3) sitting inside it going BRRRRUUUUMMM! thinking how great your going to look in it....

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Irony

posted on 27/9/18 at 04:06 PM Reply With Quote
Take photos and sometimes videos if needed. I stripped my 4 barrel cars down and uploaded the videos to youtube for my references and they for some reason have 2K views now.

I found it best if I was halfway through a job to jot down on a notepad where I was at the end of a garage session. I once wired in a 50m roll of wire into the loom. Didn't go back to that job for a couple of weeks and then couldn't remember why I had wired it in. Never found out and after six months I cut it out because I just couldn't remember why I put it there

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StevieB

posted on 27/9/18 at 04:40 PM Reply With Quote
I'm doing a resto on a 1989 Suzuki RGV 250 at the moment (slowly).

I think it's entirely necessary to keep track of things. The work itself needs to be organised so it's a pleasure to work on and tracking money and progress helps keep you motivated - put some milestones in place and celebrate when you hit one (engine in, engine start, first time the lights work - however you want to divide it down and make an excuse to reward yourself with beer!).

Having done a few kits and bikes over the years, I've got a system of having many plastic boxes for sub assemblies to go into and make use of small plastic bags to put fasteners into, which are then zip tied to the relevant parts. If there's anything peculiar, I take plenty of photo's as I go and also make use of parts micro fiches from the internet (depends on the project - a BMW motorcycle is a dream to find the fiches and part numbers, the Suzuki not quite so easy).

It's then a question of breaking the project into sections - engine, fuel system, electrics, front end, rear end, bodywork etc.

Bikes are much easier to work on than cars as they're much smaller and you therefore have a lot more space around you to neatly store parts.

A whiteboard in the garage helps - I use a Kanban system of To do, Doing and Done lists which I then use to make a parts list from the To Do section. This means I can place the parts order on a Sunday night and usually have the parts in the garage ready to go by the next weekend.

Trello is a good app to make things more digital which is worth looking at. I use the whiteboard to note things as I work and then transfer into the app every now and then. That way if I'm sat at work and have a free minute where I want to think about the build I have everything to hand rather than trying to recall from memory.

I also try and keep track of cost and an eye on the total outturn on a spreadsheet - this helps me keep an eye on how much I need to scrimp and save and ultimately how long the project is likely to take me and also when the big money hits will land (paintwork mainly, which is usually the final throes of any bike rebuild).

I've found it works really well. However, I'm the sort of person who derives pleasure from working in an organised way and gets very stressed the things aren't just so - this is all a hobby and therefore it shouldn't be a stressful experience in my book!

All of the above sounds a to more ideal than the reality - everything is well organised but progress is slow as I get little garage time at the moment, hence the need to be organised so when I do go back in there I can quickly figure out where I left off.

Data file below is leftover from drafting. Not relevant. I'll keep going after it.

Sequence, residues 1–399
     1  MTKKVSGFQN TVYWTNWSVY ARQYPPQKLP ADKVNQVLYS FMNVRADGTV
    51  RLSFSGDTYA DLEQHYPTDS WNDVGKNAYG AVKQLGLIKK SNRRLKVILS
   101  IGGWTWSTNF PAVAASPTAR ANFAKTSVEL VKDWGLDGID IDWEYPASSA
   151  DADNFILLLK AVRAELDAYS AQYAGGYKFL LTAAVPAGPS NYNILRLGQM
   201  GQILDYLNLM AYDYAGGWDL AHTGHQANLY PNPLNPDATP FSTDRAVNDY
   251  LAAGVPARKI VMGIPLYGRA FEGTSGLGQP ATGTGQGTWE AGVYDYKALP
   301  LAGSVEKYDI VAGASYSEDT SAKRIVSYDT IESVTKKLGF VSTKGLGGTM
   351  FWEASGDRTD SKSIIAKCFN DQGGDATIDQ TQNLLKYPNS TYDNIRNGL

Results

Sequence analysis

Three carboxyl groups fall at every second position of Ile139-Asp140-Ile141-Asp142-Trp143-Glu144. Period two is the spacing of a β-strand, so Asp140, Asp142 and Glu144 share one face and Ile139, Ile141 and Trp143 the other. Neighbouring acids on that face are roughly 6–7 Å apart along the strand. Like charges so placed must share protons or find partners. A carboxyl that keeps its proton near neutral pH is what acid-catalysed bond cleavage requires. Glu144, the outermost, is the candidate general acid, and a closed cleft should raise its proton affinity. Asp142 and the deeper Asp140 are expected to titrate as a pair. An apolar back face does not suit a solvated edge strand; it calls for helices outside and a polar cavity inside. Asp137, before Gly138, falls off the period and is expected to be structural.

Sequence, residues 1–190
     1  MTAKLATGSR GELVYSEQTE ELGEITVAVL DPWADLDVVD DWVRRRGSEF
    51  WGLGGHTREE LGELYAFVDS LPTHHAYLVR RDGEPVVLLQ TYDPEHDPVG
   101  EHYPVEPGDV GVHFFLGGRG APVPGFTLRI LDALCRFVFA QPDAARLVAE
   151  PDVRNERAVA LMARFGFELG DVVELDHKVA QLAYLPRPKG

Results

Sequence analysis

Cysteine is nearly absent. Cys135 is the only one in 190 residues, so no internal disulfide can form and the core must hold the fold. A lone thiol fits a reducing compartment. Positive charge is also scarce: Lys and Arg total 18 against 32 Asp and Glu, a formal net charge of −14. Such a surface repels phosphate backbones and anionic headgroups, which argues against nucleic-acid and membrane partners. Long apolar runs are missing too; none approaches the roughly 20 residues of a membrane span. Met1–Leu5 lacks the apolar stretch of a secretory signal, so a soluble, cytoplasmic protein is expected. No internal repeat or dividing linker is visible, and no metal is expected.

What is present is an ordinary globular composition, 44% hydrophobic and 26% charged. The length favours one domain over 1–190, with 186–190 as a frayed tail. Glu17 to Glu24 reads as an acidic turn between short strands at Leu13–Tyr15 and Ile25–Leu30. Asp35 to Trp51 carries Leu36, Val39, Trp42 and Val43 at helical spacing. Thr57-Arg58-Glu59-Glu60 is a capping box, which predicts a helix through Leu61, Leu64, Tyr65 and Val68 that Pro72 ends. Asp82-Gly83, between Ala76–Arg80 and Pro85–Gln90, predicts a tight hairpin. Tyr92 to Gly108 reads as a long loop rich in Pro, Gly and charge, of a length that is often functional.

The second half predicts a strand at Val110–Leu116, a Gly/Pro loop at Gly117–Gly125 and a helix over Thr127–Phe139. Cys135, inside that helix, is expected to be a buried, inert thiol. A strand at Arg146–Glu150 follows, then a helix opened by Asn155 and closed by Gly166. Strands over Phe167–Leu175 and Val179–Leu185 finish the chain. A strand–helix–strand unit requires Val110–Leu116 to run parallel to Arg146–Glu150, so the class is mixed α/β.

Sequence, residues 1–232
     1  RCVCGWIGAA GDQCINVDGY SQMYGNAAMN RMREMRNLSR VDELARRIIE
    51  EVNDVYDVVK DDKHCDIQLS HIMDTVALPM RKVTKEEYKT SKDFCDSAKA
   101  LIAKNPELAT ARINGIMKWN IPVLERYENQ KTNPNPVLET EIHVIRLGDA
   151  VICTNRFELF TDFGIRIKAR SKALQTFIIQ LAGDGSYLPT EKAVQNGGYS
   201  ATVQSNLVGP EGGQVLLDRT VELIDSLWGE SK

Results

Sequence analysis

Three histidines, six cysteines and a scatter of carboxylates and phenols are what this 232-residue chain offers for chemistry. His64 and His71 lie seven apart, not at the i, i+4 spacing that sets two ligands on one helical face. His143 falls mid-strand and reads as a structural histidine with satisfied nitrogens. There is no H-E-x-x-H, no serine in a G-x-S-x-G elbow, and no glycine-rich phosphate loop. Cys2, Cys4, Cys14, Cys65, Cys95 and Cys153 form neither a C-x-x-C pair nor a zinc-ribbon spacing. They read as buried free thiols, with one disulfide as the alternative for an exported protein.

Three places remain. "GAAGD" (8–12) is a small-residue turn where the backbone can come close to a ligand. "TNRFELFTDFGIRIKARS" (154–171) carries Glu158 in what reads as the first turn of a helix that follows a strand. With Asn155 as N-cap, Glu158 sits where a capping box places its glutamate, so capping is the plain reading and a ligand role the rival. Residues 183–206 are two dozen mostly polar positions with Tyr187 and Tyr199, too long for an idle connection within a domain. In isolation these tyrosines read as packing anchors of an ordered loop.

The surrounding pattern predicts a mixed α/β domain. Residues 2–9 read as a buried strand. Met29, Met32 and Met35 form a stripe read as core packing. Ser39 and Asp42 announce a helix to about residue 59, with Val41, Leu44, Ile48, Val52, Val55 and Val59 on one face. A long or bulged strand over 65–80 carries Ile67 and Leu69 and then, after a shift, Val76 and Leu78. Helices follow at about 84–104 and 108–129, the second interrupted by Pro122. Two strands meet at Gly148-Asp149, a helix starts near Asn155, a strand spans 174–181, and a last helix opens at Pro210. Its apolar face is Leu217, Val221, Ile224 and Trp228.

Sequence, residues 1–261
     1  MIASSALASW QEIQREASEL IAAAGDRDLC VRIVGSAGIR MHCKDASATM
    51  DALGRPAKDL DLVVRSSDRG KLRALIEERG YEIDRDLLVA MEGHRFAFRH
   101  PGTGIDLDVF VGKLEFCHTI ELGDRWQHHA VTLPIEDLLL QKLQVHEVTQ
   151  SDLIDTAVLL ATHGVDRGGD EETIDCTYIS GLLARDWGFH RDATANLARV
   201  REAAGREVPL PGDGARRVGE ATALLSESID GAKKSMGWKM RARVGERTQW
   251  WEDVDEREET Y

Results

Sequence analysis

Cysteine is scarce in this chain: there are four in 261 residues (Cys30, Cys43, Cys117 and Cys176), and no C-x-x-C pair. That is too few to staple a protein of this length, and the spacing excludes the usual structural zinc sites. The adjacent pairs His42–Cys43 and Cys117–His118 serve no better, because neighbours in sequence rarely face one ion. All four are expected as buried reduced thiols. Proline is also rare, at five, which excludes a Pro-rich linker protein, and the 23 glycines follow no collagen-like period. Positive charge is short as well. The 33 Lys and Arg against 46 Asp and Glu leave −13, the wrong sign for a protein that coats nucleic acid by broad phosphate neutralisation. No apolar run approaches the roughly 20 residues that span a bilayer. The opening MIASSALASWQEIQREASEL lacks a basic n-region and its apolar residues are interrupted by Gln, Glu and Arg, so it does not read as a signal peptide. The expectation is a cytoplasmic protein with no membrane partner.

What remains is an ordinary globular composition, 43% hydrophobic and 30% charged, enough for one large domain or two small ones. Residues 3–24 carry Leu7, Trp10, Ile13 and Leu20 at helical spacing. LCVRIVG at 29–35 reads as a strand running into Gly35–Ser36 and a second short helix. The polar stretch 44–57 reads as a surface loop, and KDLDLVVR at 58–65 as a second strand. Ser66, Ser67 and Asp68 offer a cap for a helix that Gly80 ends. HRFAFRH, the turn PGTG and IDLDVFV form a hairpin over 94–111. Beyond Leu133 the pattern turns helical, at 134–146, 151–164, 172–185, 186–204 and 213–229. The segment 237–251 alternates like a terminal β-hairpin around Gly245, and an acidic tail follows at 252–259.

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StevieB

posted on 27/9/18 at 04:43 PM Reply With Quote
quote:
Originally posted by Irony


I found it best if I was halfway through a job to jot down on a notepad where I was at the end of a garage session. I once wired in a 50m roll of wire into the loom. Didn't go back to that job for a couple of weeks and then couldn't remember why I had wired it in. Never found out and after six months I cut it out because I just couldn't remember why I put it there


When I built my first kit, I did all of the nylocks just finger tight so I could torque up later. Later was 4 years later and was figured out after feeling the car was a bit of a sloppy handler on it's first ever outing (on track, pre-SVA).

Hence why I'm quite organised now...

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Mr Whippy

posted on 28/9/18 at 06:01 AM Reply With Quote
quote:
Originally posted by StevieB
quote:
Originally posted by Irony


I found it best if I was halfway through a job to jot down on a notepad where I was at the end of a garage session. I once wired in a 50m roll of wire into the loom. Didn't go back to that job for a couple of weeks and then couldn't remember why I had wired it in. Never found out and after six months I cut it out because I just couldn't remember why I put it there


When I built my first kit, I did all of the nylocks just finger tight so I could torque up later. Later was 4 years later and was figured out after feeling the car was a bit of a sloppy handler on it's first ever outing (on track, pre-SVA).

Hence why I'm quite organised now...


Perhaps the use of a coloured paint pen on tightened bolts will prevent that, you see this a lot in engineering

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nick205

posted on 28/9/18 at 08:23 AM Reply With Quote
quote:
Originally posted by StevieB
quote:
Originally posted by Irony


I found it best if I was halfway through a job to jot down on a notepad where I was at the end of a garage session. I once wired in a 50m roll of wire into the loom. Didn't go back to that job for a couple of weeks and then couldn't remember why I had wired it in. Never found out and after six months I cut it out because I just couldn't remember why I put it there